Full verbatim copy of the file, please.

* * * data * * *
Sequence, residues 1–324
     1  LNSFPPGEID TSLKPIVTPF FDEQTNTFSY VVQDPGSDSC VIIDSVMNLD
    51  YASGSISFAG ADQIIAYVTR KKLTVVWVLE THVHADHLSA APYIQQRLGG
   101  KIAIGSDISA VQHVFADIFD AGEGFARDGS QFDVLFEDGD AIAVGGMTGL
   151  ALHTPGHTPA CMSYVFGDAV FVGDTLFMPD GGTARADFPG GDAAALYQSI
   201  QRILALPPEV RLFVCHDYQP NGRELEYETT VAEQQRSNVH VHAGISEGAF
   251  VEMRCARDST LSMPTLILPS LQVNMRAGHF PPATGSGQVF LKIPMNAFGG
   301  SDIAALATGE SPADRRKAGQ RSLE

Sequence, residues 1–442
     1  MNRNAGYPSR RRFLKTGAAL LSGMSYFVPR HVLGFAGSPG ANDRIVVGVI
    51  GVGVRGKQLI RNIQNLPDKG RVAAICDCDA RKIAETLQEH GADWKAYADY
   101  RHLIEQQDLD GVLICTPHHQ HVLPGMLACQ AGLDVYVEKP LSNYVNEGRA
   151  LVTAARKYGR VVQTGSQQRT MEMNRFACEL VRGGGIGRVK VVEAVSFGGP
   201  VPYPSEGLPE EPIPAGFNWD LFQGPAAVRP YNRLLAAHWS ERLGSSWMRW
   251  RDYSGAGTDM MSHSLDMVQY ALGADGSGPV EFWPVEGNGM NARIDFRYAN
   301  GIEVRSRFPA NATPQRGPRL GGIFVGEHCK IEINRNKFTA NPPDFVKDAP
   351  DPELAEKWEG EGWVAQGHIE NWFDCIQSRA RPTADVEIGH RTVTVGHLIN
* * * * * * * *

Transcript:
Sequence, residues 1–324
     1  LNSFPPGEID TSLKPIVTPF FDEQTNTFSY VVQDPGSDSC VIIDSVMNLD
    51  YASGSISFAG ADQIIAYVTR KKLTVVWVLE THVHADHLSA APYIQQRLGG
   101  KIAIGSDISA VQHVFADIFD AGEGFARDGS QFDVLFEDGD AIAVGGMTGL
   151  ALHTPGHTPA CMSYVFGDAV FVGDTLFMPD GGTARADFPG GDAAALYQSI
   201  QRILALPPEV RLFVCHDYQP NGRELEYETT VAEQQRSNVH VHAGISEGAF
   251  VEMRCARDST LSMPTLILPS LQVNMRAGHF PPATGSGQVF LKIPMNAFGG
   301  SDIAALATGE SPADRRKAGQ RSLE

Sequence, residues 1–442
     1  MNRNAGYPSR RRFLKTGAAL LSGMSYFVPR HVLGFAGSPG ANDRIVVGVI
    51  GVGVRGKQLI RNIQNLPDKG RVAAICDCDA RKIAETLQEH GADWKAYADY
   101  RHLIEQQDLD GVLICTPHHQ HVLPGMLACQ AGLDVYVEKP LSNYVNEGRA
   151  LVTAARKYGR VVQTGSQQRT MEMNRFACEL VRGGGIGRVK VVEAVSFGGP
   201  VPYPSEGLPE EPIPAGFNWD LFQGPAAVRP YNRLLAAHWS ERLGSSWMRW
   251  RDYSGAGTDM MSHSLDMVQY ALGADGSGPV EFWPVEGNGM NARIDFRYAN
   301  GIEVRSRFPA NATPQRGPRL GGIFVGEHCK IEINRNKFTA NPPDFVKDAP
   351  DPELAEKWEG EGWVAQGHIE NWFDCIQSRA RPTADVEIGH RTVTVGHLIN